Our readers might think that nursing homes would be one of the safest places for an individual to receive long-term care, considering the fact that they are tasked with caring for what could be the most vulnerable population amongst us. Yet, time and again we hear reports about nursing home neglect that puts innocent residents’ lives at risk. Far too often these individuals are seriously injured as a result. In the worst cases, they die.

Now, nursing homes and other long-term care facilities are receiving some blame for the spread of drug-resistant fungal infections that can prove fatal in elderly individuals. The fungus in question, C. auris, is currently known to infect nearly 400 individuals with almost 500 others carrying it without exhibiting symptoms. One of the biggest reasons blame is somewhat being shifted away from overuse of antibiotics is the fact that many nursing homes are understaffed, which causes them to be ineffective in infection control efforts.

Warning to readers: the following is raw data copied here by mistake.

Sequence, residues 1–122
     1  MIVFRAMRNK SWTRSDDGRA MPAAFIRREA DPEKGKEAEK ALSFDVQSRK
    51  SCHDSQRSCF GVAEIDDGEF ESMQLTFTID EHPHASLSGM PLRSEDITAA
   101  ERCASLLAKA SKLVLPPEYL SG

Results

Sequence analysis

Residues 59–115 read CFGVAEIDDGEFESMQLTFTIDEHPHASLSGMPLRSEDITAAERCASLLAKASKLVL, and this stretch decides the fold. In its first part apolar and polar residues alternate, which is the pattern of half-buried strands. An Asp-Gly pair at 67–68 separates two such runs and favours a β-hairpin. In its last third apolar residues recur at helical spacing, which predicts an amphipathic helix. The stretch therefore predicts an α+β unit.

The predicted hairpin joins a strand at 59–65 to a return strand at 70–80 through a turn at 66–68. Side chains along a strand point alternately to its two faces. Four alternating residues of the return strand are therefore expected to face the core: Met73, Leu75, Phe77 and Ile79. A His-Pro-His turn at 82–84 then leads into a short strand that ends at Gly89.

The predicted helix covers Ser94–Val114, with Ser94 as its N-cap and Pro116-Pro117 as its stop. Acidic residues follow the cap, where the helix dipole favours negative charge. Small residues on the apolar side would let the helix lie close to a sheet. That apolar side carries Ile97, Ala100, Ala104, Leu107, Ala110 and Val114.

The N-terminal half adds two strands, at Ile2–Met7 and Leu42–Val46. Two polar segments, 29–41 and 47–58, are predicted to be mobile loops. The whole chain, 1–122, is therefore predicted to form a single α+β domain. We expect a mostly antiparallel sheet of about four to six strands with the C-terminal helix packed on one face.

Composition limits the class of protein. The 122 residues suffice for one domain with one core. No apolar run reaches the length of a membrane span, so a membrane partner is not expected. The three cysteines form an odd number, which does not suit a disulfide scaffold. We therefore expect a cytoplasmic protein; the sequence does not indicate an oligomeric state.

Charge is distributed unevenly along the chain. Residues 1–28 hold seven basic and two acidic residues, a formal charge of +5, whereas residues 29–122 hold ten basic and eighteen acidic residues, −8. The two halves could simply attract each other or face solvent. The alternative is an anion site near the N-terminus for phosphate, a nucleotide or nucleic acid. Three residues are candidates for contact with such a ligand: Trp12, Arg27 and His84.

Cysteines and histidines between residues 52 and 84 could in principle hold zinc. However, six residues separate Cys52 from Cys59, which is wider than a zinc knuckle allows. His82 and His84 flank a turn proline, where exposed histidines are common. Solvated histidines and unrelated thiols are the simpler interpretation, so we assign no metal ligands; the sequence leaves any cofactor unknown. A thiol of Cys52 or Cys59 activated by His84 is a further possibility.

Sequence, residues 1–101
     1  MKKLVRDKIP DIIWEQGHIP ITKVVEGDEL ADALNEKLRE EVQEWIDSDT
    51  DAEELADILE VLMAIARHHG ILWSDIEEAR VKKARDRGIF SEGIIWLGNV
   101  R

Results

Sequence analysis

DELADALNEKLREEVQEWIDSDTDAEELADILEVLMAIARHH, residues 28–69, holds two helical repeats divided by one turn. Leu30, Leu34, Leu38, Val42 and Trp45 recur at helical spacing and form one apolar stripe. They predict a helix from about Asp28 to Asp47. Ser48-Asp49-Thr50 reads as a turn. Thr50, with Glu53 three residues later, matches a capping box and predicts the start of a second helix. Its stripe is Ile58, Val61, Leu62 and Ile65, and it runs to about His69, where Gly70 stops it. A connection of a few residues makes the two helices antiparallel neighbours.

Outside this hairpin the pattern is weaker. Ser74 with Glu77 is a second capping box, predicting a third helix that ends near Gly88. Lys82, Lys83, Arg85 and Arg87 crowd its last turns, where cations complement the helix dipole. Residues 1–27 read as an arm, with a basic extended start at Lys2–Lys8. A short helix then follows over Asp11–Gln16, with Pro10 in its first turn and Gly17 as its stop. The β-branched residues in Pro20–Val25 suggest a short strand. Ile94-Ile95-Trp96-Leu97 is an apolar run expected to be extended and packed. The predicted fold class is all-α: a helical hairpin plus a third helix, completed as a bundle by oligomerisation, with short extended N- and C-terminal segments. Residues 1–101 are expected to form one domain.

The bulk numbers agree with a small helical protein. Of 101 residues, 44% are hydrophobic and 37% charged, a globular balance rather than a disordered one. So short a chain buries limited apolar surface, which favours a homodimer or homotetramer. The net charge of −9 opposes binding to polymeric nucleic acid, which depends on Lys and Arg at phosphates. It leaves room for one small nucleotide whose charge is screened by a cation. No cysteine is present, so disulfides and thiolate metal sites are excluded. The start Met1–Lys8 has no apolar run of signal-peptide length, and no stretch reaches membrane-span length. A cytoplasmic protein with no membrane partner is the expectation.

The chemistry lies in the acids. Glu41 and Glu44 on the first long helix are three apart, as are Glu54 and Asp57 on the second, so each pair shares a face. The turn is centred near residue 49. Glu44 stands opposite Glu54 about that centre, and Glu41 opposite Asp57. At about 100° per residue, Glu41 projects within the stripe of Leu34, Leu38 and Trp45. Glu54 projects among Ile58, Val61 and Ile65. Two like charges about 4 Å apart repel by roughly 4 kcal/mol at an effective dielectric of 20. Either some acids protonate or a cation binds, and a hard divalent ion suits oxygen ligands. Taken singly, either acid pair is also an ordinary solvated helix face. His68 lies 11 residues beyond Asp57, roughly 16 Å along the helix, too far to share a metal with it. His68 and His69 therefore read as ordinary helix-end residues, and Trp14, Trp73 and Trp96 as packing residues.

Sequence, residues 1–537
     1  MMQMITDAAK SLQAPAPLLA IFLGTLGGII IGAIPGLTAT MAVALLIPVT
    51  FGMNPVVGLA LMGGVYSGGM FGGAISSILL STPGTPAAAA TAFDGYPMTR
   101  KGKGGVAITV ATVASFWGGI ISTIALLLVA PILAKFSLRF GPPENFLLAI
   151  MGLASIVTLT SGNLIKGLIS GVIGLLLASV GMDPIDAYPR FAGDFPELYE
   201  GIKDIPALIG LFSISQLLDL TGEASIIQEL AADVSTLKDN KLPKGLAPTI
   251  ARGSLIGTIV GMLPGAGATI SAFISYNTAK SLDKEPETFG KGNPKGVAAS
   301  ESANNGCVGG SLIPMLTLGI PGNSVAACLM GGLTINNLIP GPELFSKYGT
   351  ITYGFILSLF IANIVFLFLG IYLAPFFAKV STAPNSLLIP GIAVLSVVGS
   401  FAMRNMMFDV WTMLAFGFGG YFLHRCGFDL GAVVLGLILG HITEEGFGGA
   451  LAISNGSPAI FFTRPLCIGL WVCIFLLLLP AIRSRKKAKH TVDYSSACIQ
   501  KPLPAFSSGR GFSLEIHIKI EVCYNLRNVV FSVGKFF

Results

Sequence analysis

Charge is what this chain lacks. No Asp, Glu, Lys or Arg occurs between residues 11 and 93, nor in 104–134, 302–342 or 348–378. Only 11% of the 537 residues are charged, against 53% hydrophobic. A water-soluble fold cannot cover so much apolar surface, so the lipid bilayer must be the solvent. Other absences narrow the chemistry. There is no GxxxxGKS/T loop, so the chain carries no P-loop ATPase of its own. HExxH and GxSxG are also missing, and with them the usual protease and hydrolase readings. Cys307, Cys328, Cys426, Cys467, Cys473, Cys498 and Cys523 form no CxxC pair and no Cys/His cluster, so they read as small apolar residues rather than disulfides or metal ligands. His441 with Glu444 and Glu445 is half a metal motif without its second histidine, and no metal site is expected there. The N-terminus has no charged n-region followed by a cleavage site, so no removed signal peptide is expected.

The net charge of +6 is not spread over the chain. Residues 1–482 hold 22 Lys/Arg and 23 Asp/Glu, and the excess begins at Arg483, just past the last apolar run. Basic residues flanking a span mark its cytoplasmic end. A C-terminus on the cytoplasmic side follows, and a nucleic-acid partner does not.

The shortcomings of some nursing homes and other long-term care facilities are astounding. In fact, a recent study by the State Health Department found that some of these institutions that are dealing with C. auris are failing to consistently use disposable gowns and latex gloves. In some instances, the long-term care facility has failed to even post warning signs of the infection to warn others of the potential for spreading it.

The mere presence of a serious, drug-resistant infection doesn’t necessarily mean that nursing home neglect has occurred. However, if one of these debilitating or fatal conditions can be linked to a nursing home’s failure to abide by state-mandated protocols, then negligence has likely occurred.